Eleanor at 7 a.m.

a poem by 
MARIANNE PEEL | Teacher + Poet


“Eleanor at 7 a.m.” deals with my very first job after retiring from a 32 year career as an English teacher.  Eleanor was my first client in the world of senior citizen stay-at-home care.  

THESE days she works for Home Instead,
easing the lives of seniors who want to stay home,
to not be a burden, to stir their own cream in their coffee.
She arrives to Eleanor at 7 a.m., knowing the sheets and Eleanor
will be drenched in determined urine.
Her hands and arms brace themselves beneath her back,
supporting her right side, muscles atrophied from stroke.

Eleanor tells of her running days, of the half marathons.
Bathing her with the softest loofah,
she can feel the definition in the thighs, the runner’s legs.
Touching her breasts gently, circular motions of lavender soap.
Eleanor reminds her that those breasts fed twelve babies, four of whom are long gone.
She takes Eleanor’s feet in her hands,
rubbing between and around the hammer toes and bunions.

When all the folds and creases are tended to and cleaned,
she lifts Eleanor out of the water,
placing Eleanor’s arms around her shoulders.
Her wet body leaves a Shroud of Turin imprint on her clothes.
She reaches for the softest towel, draping it, like a shawl,
around her shoulders, her back, her buttocks.
Don’t ever let me go, Eleanor tells her. Hold me close, keeping me steady and safe.  

She wraps Eleanor in an oversize pullover sweatshirt,
in sweat pants with elastic waist.
I used to be a Talbots woman, she tells her.
Used to wear only the most elegant clothes.
Her right side is rigid, refusing to cooperate
with scarecrow sleeves and pant legs.
She hears Eleanor’s breath quicken and then sigh,
as she apologizes for her stubbornly stiff body.
There is a teas set, laid out on a white lace doily,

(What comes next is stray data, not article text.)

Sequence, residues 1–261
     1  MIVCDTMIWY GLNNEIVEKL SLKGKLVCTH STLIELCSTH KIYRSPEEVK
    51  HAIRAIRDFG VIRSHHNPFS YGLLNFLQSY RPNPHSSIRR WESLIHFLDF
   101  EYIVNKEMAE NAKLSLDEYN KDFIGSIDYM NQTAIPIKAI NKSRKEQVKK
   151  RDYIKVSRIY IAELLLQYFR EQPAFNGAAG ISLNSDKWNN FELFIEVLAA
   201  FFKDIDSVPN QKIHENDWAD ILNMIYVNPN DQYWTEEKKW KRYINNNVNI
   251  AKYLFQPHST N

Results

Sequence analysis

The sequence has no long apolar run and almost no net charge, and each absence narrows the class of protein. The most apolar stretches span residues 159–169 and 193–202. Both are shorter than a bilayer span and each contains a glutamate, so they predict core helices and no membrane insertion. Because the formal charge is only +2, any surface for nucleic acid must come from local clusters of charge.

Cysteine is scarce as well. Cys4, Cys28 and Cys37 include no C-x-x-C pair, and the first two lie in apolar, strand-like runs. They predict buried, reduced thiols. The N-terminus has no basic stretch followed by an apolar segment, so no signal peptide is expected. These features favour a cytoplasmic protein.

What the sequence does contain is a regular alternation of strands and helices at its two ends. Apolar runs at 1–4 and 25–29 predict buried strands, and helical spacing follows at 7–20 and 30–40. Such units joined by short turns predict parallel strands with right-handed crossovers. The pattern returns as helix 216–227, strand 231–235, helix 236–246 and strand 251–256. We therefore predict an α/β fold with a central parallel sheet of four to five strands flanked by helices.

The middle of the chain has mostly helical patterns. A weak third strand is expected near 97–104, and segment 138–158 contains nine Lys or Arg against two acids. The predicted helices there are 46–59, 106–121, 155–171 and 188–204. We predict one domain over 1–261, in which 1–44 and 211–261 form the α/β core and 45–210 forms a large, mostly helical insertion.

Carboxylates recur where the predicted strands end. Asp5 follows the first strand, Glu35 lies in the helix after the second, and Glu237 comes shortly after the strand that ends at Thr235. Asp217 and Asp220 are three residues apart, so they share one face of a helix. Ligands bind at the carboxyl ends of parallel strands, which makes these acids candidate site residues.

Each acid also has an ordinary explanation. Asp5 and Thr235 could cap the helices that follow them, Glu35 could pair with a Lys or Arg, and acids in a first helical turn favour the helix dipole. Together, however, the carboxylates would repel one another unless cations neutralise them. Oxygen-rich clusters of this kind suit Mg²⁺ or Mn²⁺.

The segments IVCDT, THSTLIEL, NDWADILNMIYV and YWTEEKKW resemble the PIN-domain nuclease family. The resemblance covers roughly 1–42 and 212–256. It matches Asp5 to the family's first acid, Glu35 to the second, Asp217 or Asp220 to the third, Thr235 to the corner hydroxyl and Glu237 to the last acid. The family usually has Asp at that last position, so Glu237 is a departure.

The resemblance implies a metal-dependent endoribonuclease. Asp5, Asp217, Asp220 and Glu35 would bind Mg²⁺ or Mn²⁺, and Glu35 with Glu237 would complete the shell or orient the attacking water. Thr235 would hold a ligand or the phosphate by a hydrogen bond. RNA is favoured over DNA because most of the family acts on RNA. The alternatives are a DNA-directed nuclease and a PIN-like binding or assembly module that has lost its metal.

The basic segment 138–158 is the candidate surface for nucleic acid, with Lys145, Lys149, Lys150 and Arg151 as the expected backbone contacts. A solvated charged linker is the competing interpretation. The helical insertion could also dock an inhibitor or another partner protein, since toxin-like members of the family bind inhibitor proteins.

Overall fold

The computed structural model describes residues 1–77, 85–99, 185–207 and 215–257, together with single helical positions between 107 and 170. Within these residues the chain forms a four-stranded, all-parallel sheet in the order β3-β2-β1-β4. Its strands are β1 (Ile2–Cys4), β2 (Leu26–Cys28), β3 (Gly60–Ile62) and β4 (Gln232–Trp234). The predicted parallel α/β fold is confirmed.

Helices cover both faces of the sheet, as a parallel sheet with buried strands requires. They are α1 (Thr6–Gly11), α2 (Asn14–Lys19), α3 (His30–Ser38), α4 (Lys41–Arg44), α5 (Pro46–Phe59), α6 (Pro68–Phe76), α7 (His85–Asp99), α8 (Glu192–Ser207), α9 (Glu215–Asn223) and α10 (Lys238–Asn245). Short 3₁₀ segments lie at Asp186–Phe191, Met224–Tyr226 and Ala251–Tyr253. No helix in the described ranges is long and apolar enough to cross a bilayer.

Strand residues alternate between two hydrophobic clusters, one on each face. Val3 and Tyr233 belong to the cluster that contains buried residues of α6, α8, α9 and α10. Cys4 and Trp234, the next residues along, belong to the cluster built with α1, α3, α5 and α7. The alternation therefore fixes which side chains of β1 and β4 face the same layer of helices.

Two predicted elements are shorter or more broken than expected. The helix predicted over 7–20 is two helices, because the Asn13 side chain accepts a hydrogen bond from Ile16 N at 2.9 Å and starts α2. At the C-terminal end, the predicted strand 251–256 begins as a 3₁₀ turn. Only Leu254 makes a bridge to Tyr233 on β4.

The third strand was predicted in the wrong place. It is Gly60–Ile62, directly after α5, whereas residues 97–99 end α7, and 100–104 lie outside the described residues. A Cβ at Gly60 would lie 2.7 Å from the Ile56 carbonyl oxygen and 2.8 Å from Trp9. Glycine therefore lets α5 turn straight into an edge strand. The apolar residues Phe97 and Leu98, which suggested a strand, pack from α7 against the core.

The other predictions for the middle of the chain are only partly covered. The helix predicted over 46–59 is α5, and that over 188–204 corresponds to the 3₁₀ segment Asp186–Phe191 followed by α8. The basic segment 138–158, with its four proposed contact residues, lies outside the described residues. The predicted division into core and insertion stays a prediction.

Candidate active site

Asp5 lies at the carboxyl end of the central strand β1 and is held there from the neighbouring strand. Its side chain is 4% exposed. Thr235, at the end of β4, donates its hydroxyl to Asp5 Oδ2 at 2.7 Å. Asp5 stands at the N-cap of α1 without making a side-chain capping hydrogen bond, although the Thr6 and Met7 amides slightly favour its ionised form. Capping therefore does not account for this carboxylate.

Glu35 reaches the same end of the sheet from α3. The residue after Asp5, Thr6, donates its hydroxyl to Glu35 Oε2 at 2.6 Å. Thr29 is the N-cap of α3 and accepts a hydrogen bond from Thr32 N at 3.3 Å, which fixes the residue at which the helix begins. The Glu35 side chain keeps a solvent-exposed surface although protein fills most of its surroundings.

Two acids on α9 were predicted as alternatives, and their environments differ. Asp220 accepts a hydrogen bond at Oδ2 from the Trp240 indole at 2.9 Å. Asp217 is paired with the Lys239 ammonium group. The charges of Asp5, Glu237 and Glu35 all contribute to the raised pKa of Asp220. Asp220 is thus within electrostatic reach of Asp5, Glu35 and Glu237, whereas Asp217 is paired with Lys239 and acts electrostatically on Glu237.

silver spoon next to the cornflower teacup.
The pot brims with chamomile tea, her favorite on Wednesdays.
This soothes her in her jagged places.
Sing me my favorite song, she says.
And so together, they sing You Are My Sunshine,
harmonizing between warm sips of tea.

Photograph by Cristian Newman

Marianne Peel
I am a writer, a teacher, a mother, a musician, an activist. My creativity is inspired by everything around me, everything inside me. I practice Qigong and try to be mindfully aware of all aspects of my life, from drinking a cup of tea to dancing to music from the street markets of Nepal. I also realize that my writing is largely what will remain after I am gone, what I will leave behind. I have four daughters, and want to share who I am with them through my poetry. Sometimes I write everyday, other times I write in manic spurts. I am no longer carrying around a satchel of student essays to grade, as I am now retired from teaching middle and high school students. I spent those thirty-two years nurturing the voices of my students. I always wrote along with my students. Now, at this time in my life, I am able to explore my own voice even more.